GST and Healthcare Infrastructure

A robust healthcare infrastructure encompassing hospitals, clinics, diagnostic labs, blood banks, etc., is imperative to extend affordable and quality care to citizens across urban and rural areas. As per estimates, India has around 0.55 beds per 1000 population, an infrastructure deficit compared to the WHO norm of 3.5 beds. About 60% of hospitals and 75% of healthcare infrastructure are concentrated in the top 20 cities. India needs 2 million additional beds to achieve universal health coverage by 2025.

Under GST, healthcare infrastructure like hospitals, clinics and nursing homes are exempted from tax, while inputs like building construction, medical equipment, hospital consumables, etc . attract 5% or 12% GST. Certain life-saving medical devices are also exempt from levy. This differential taxation treatment poses certain GST-related challenges.

  • Firstly, full input tax credits are not available in the case of healthcare infrastructure creation since output is exempt and there is an inverted duty structure. This increases the capital costs since all taxes paid on construction materials (cement, steel) and medical equipment cannot be claimed as a refund. 

As healthcare infrastructure requires significant upfront investment running into hundreds of crores of rupees, lack of input credit availability impacts project viability and prevents new capacity creation.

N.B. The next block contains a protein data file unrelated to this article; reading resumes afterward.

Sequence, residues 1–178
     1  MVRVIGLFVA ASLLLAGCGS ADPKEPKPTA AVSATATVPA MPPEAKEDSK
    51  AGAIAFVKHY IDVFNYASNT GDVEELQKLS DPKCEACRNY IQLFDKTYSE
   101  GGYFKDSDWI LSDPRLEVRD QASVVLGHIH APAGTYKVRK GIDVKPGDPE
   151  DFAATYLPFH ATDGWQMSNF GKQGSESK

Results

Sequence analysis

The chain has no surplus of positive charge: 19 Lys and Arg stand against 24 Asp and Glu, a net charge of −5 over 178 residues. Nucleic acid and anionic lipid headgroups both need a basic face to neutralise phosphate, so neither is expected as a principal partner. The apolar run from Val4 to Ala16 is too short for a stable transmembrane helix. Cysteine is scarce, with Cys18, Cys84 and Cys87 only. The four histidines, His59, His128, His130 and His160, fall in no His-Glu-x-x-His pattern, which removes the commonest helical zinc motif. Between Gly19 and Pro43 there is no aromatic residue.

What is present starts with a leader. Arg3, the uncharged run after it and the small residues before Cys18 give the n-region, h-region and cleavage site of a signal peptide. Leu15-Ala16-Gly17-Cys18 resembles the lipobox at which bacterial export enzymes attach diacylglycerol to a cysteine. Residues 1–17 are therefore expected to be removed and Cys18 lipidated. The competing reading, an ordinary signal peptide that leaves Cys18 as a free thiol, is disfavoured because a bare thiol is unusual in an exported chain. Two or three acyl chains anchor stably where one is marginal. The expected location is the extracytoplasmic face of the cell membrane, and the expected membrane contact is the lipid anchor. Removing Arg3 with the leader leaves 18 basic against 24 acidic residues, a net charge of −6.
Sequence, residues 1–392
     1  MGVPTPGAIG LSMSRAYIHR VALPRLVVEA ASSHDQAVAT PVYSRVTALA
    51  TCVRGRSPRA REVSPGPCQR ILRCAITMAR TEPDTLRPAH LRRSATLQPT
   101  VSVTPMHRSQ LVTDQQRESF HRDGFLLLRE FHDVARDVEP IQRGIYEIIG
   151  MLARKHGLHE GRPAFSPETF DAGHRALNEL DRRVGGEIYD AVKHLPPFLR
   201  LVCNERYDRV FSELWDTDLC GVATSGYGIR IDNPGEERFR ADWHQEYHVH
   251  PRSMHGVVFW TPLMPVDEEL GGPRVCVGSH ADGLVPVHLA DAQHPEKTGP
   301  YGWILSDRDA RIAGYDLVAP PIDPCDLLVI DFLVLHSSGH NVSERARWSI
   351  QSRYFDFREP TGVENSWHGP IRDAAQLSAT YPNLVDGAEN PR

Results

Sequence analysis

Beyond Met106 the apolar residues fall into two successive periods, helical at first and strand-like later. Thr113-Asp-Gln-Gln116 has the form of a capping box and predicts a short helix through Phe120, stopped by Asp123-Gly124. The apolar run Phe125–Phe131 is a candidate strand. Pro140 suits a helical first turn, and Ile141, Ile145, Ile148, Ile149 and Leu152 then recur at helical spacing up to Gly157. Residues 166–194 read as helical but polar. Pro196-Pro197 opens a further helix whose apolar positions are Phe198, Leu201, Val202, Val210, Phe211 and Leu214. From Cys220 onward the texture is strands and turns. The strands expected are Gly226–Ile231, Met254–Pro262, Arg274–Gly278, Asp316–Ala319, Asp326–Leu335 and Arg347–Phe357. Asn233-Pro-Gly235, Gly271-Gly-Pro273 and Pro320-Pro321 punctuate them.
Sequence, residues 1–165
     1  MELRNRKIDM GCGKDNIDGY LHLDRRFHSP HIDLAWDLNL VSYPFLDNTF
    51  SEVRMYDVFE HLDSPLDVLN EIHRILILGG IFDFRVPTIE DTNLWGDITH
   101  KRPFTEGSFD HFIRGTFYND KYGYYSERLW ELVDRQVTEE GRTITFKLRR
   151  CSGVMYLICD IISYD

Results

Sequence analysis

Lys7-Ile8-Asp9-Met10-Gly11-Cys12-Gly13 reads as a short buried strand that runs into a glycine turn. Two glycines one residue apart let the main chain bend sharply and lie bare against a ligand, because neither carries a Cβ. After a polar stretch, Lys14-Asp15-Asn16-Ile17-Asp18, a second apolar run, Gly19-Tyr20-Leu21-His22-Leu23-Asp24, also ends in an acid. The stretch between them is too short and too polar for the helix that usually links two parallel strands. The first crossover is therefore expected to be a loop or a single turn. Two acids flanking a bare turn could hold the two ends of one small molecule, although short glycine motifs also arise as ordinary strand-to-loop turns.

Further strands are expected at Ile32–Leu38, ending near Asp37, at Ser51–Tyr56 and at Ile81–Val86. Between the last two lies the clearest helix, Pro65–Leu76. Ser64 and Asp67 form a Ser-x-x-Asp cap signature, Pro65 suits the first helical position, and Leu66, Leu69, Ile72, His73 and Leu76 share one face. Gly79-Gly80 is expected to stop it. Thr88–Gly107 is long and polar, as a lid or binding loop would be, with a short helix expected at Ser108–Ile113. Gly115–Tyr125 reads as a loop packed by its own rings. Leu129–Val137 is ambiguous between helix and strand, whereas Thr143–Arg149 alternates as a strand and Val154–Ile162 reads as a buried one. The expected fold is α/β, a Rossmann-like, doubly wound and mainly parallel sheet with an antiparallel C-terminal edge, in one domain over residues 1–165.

• Secondly, the exemption for healthcare infrastructure services also requires providers to assess eligibility under statutes regularly, besides meeting state-level requirements. Additional paperwork and complex documentation add to operating costs, especially for smaller establishments.
  • Lastly, lack of clarity on tax applicability for certain newly added infrastructure like telemedicine platforms, diagnostic labs, intensive care units, emergency medical services, etc., increases the compliance burden and business costs. The absence of specific guidelines leads to different interpretations and dispute resolution proceedings.

Though GST provides exemptions on healthcare infrastructure creation, lack of credit flow, increased documentation needs, and ambiguity in rules have negatively impacted the growth of healthcare facilities. The government still needs incentives like tax holidays, viability gap funding, subsidised land allotment, and low-cost infrastructure financing to promote private sector investment.

GST and Healthcare Affordability

As highlighted by the government, one of the key objectives of GST was to make healthcare affordable and accessible for citizens across regions and income levels. However, the impact has been mixed so far.

For insured and financially stable sections, GST has brought down treatment costs due to the benefits of seamless credit flow and consolidation of all indirect taxes. Corporates that provide health insurance to employees have also witnessed a moderation in premium hikes post-GST as medical inflation has cooled down.

Products GST Applied
Room Rent Below Rs. 1,000 0%
Room Rent Between Rs. 1,000 to Rs. 2,499 12%
Room Rent Between Rs. 2,500 to Rs. 7,499 18%
Room Rent Above Rs. 7,500 28%
Surgical Products 12%
Wheelchairs 18%
Insulin 5%

Table: GST Applicable at Hospitals